Most people don’t remember her name, but we regularly hear reference to the injury event, even after 20+ years. This report from the New York Times shatters the myth of a “windfall” settlement. WATCH THE VIDEO – – WOW. – kc
In 1992, Stella Liebeck spilled scalding McDonald’s coffee in her lap and later sued the company, attracting a flood of negative attention. It turns out there was more to the story.
More than 20 years ago, 79-year-old Stella Liebeck ordered coffee at a McDonald’s drive-through in Albuquerque, N.M. She spilled the coffee, was burned, and one year later, sued McDonald’s. The jury awarded her $2.9 million. Her story became a media sensation and fodder for talk-show hosts, late-night comedians, sitcom writers and even political pundits. But cleverness may have come at the expense of context, as this Retro Report video illustrates. A consumer affairs reporter for The Times reflects on how the world has changed since the lawsuit.
Today’s post comes from guest author Charlie Domer, from The Domer Law Firm.
Came across this post today: “How McDonald’s and Wal-Mart Became Welfare Queens.” News like this has become so commonplace that you almost accept it with a shrug. Yeah, big box stores and fast food chains are paying their workers cruddy wages, forcing them to go on state health insurance and food stamp assistance. Oh well. Move along. Nothing to see here.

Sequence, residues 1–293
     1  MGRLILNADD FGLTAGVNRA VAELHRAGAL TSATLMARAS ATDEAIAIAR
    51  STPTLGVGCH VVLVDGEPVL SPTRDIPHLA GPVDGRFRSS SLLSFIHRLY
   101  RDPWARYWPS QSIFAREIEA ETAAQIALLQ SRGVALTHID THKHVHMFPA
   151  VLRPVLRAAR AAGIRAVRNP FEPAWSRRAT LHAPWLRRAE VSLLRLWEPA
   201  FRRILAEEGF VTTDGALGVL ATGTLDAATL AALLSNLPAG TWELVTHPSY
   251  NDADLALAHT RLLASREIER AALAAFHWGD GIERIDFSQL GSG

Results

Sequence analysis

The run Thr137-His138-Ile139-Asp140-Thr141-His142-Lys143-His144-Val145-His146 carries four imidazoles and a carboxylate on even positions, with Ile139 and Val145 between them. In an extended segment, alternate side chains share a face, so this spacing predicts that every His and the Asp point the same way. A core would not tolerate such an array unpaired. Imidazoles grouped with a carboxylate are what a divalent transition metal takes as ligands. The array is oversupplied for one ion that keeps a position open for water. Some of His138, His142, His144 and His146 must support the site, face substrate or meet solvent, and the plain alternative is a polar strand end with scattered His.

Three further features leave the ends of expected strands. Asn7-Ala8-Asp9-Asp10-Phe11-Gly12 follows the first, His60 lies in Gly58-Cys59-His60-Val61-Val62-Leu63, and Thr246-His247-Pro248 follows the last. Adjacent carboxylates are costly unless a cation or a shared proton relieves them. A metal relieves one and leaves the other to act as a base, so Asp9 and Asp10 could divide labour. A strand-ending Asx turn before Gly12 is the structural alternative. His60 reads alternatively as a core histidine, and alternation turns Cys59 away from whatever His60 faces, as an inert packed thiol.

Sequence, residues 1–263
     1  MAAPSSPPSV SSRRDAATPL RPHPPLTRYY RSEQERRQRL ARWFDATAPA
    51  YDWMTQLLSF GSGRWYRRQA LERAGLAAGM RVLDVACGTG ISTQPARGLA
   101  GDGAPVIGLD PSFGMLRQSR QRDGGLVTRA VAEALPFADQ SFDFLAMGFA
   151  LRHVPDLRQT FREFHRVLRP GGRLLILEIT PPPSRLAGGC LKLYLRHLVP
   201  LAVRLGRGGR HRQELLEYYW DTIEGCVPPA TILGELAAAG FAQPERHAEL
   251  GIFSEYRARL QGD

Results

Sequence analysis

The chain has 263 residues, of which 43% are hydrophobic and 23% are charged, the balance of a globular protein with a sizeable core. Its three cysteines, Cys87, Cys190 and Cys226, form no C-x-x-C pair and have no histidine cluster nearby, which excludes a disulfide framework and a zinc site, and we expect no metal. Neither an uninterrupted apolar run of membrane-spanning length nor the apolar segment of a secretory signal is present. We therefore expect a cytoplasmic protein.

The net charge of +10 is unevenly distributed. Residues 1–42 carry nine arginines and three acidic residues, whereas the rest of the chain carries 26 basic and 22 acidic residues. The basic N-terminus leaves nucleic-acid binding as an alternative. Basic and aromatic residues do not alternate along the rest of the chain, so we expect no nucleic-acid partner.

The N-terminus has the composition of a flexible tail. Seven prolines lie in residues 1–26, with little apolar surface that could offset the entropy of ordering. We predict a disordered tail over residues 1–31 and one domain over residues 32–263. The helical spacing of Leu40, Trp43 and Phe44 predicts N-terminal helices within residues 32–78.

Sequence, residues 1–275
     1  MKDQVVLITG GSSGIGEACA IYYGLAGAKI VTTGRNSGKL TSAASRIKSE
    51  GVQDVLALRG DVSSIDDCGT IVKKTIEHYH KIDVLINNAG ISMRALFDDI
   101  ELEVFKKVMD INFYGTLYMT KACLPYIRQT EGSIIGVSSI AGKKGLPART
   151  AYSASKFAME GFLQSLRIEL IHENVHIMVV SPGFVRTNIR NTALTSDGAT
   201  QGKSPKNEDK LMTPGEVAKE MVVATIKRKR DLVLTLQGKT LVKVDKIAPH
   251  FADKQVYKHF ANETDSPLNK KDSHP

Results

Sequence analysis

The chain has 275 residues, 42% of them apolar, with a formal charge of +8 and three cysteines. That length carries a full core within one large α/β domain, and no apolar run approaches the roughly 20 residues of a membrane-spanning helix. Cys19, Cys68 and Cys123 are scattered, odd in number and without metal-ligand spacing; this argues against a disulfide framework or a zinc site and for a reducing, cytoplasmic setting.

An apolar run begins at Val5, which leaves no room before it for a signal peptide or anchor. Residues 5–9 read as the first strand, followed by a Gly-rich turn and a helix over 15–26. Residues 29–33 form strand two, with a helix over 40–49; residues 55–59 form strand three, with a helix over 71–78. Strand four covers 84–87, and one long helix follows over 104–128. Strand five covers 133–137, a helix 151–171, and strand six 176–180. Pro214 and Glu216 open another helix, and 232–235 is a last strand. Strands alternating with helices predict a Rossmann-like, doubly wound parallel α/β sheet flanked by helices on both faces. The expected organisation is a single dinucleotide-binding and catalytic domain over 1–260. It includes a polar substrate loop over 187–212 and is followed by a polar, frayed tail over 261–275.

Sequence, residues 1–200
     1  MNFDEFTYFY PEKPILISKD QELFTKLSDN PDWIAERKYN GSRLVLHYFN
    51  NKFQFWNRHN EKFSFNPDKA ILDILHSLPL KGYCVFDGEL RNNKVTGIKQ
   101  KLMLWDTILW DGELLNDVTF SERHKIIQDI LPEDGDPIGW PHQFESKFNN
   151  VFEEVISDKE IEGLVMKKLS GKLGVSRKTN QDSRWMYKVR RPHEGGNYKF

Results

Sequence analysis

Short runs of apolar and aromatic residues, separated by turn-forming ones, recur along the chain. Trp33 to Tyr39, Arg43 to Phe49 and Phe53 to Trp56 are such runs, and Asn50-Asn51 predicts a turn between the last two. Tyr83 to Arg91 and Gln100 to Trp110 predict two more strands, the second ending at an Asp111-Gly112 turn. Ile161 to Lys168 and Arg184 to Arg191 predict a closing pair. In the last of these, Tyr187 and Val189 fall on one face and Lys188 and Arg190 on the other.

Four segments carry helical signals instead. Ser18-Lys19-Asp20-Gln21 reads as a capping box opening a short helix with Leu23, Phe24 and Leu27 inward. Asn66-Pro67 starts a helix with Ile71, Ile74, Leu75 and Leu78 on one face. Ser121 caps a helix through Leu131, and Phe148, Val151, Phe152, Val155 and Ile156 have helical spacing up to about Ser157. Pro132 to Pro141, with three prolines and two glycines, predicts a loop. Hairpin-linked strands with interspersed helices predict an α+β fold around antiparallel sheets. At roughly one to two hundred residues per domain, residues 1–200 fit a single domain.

But the outrage should exist. These stories make my blood boil. Many of these companies are making massive profits. You’re telling me you can’t pay a living wage? All of us, as taxpayers, are helping pad the the coffers of these companies. By not providing sufficient wages or health care, the actual taxpayers serve as the necessary social safety net for these workers. Is that really how we want our society and country structured?
Admittedly my experience is anectodal, but I see a number of these workers in my practice–from the greeters at Wal-Mart to those flipping burgers at McDonald’s. Many are making a minimum hourly wage of $7.25. No matter how hard they work (and, in my experience, some of these fast food and retail workers are the hardest workers out there, in light of their work condition), they cannot get ahead or make enough to avoid the necessity of seeking food stamp assistance or of searching for the local food pantry.
Corporations simply should not be able to get rich on the public’s back. As taxpayers, we continue to allow this grossly one-sided equation to continue.